Equality and Diversity in Charlottesville

Teachers, How Are You Teaching About Charlottesville?

In Updates by Punita Rice

Teachers, how are you teaching about Charlottesville? I’ve been thinking about this since teachers and students are heading back to school in the coming weeks. Teachers are going to need to engage with students about the recent events in Charlottesville, and the intense mood of the country. And, teachers will have to be prepared to have meaningful discussions about tolerance, hatred, and the increasingly brazen racism in our country.

The events of Charlottesville were particularly hard to swallow because I have such positive memories and feelings when I think of that city. A few years ago, I got to spend a lovely summer at the University of Virginia in Charlottesville in a summer institute. Teachers and researchers from around the country came together to study philosophy, collaborate, and develop resources for students in diverse education settings, built on philosophical concepts and rooted in philosophical reasoning skills. I touched base with some of the lovely women I became friends with in the program after the events of last week to get their takes. Here, I’m sharing what some friends from my time at UVA had to say, plus, some resources for teaching about Charlottesville…

Mary Palisoul has taught English in Boston for years, and is now based in California. She shared that she “can’t reconcile the images and stories in the news with my memories of Charlottesville.”

Missy Davis, a teacher in Atlanta, says,

“What happened in Charlottesville is horrific, and it touched me powerfully because Charlottesville is a dear place to me: I studied philosophy there, I met amazing people there, I got engaged there. It was a place of love and learning for me.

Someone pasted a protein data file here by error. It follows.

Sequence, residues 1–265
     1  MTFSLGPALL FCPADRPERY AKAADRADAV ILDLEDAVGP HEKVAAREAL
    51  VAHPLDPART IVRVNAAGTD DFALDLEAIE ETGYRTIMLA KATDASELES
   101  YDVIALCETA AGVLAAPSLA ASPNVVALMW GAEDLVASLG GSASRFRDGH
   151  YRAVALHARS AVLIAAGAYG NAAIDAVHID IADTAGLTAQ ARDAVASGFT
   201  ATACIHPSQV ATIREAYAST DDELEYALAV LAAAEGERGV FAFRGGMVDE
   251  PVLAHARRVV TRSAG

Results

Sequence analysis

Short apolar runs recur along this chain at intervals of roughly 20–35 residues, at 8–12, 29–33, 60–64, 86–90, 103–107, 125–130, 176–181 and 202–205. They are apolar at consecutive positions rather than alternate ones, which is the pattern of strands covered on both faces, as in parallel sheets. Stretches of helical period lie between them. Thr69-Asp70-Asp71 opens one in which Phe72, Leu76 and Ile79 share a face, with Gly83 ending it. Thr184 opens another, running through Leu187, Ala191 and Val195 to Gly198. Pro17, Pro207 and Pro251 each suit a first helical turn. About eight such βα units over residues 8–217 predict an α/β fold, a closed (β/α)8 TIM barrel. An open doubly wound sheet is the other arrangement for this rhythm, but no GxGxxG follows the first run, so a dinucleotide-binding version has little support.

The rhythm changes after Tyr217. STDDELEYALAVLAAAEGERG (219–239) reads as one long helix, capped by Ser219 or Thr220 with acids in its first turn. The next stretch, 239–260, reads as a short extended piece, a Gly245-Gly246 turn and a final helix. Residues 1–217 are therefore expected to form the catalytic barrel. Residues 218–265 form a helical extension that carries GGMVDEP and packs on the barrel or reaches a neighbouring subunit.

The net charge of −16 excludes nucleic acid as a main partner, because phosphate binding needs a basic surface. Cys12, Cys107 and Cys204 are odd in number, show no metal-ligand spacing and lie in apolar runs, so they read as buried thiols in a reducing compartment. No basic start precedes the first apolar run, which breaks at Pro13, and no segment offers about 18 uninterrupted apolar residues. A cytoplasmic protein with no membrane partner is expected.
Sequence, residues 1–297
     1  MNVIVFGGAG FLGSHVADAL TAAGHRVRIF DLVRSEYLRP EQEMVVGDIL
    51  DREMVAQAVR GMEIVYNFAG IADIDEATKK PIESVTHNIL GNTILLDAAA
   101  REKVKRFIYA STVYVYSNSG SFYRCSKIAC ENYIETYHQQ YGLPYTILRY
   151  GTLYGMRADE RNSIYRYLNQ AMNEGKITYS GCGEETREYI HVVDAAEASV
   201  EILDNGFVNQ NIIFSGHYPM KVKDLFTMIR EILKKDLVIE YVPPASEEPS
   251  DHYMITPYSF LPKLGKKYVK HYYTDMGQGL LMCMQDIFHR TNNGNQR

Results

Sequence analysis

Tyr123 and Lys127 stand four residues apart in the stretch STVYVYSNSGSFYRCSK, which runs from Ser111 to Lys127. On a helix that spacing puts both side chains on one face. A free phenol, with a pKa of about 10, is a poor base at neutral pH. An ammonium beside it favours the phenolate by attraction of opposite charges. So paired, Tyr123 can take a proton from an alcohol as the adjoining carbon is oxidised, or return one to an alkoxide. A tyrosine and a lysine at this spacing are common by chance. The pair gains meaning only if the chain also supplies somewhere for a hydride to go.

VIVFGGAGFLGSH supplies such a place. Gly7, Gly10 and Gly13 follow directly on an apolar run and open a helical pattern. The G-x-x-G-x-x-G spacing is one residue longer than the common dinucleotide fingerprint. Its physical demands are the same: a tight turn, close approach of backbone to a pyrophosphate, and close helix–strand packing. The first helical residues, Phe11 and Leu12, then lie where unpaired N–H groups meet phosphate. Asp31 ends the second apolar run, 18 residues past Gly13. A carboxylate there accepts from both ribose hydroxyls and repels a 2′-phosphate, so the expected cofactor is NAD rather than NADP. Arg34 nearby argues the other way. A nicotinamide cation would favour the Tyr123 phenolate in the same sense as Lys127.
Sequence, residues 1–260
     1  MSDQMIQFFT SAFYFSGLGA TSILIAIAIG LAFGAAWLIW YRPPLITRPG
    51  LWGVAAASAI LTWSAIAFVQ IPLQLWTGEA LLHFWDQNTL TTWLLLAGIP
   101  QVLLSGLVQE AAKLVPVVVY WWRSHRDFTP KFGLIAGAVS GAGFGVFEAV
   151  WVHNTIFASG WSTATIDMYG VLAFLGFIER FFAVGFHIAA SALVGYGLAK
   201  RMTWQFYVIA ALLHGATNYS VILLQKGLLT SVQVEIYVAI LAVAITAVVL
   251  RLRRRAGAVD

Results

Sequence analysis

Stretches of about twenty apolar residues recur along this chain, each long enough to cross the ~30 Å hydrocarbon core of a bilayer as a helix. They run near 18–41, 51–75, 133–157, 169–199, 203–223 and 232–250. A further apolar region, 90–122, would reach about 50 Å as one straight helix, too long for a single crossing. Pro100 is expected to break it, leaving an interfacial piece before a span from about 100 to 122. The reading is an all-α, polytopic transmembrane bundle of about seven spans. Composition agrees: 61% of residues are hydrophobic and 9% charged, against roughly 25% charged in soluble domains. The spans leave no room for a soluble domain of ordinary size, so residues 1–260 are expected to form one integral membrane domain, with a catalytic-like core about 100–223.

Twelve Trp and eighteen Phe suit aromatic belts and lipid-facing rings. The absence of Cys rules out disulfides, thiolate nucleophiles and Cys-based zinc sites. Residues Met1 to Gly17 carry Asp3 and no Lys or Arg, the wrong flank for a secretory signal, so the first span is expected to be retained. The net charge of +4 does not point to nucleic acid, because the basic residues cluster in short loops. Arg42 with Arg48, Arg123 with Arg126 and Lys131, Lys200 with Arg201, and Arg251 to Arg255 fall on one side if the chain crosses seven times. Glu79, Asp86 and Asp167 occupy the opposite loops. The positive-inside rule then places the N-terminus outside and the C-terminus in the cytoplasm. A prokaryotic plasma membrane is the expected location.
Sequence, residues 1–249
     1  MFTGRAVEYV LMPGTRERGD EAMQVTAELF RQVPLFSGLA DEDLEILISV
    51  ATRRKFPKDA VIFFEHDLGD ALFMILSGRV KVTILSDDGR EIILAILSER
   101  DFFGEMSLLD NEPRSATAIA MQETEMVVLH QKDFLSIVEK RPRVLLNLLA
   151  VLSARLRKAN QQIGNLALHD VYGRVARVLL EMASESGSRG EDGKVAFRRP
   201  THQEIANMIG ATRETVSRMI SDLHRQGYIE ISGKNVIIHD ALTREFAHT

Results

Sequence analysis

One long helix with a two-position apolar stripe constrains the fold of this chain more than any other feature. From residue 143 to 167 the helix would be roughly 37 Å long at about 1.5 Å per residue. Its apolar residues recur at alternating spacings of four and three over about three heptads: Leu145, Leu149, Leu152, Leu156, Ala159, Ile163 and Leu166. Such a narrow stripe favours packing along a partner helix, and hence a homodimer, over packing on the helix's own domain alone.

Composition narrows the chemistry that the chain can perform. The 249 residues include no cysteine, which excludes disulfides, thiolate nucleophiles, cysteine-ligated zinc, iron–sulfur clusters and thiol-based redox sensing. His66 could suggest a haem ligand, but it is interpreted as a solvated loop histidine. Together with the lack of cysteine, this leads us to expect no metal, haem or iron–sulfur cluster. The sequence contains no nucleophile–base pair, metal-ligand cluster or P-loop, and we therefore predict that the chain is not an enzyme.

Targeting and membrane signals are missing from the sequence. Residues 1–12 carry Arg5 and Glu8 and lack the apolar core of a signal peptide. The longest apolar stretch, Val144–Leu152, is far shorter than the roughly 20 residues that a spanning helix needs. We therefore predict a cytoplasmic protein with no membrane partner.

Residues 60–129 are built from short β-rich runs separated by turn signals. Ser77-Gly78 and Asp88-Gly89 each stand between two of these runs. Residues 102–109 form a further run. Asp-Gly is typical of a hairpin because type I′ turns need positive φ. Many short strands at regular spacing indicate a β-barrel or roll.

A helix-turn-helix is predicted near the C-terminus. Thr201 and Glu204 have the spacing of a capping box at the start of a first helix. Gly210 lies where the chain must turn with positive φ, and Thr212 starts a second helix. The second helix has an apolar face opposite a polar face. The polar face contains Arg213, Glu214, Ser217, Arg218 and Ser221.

And so, seeing the hate and violence happen there of all places was especially tragic (though it would be tragic anywhere else as well).”

Missy went on to say that White people and Christians both now have an obligation to speak out. She also shared that while she feels “overwhelmed by racial injustice because it is so heartbreaking that I don’t know what to say… we must say something.”

Tedi Kahn, is a teacher in Chicago Public Schools. She shared that “[it] deeply saddens me that the same community that is home to a prestigious university is also a site to so much hate and ignorance.”

Tedi also said the recent events serve as “a reminder of the importance of education, and our roles as educators to expose our students to all walks of life, perspectives, and experiences.”

Her focus this school year is on what really matters:

  • Developing empathy (even more so than emphasizing their ACT scores)
  • Engaging with students through experiences (even more than teaching merely from textbooks)
  • Helping students develop compassion (even more than just improving their GPAs)

Resources for Teaching About Charlottesville

If you’re a teacher, you might already have a plan for how you plan to engage your new students about Charlottesville and the zeitgeist of our nation. But just in case you need more resources, or some inspiration, I’m sharing some ideas below.

On Twitter, teachers are sharing resources on using the hashtag #CharlottesvilleCurriculum (here’s an article about it)

A collection of resources for teachers to use when teaching about Charlottesville (from NPR)

Teaching resources related to race, bigotry, and history, in context of Charlottesville (from FacingHistory.org)

Activities for teaching about Charlottesville (from The New York Times)

And, thoughts on teaching love after Charlottesville, how to talk to students about Charlottesville, thoughts on why we need to teach students differently, and this lovely post (from Man Repeller) on the importance of word choice, and ideas for how to take a stand.

Teachers, how are you teaching about Charlottesville, hatred, and the current national social climate?

Marianne Rubin Protesting

Marianne Rubin Protesting

(Photo of Marianne Rubin taken by her granddaughter, Lena Schnall. Originally shared here.)

P.S. – A while ago I shared some thoughts on Jane Elliott’s lesson about intolerance, and expressed that it might not be as relevant today as it was decided ago. Now I’m realizing it may be just as relevant and necessary today. Also, here’s a lesson plan for spreading kindness.

P.P.S. – Here’s Barack Obama’s tweet following last week’s events, and here’s a handy flowchart about Nazis. Also, here’s a podcast about the need to “Pick a Side” on NPR’s “It’s Been a Minute” with Sam Sanders last week (featuring my friend Priska Neely).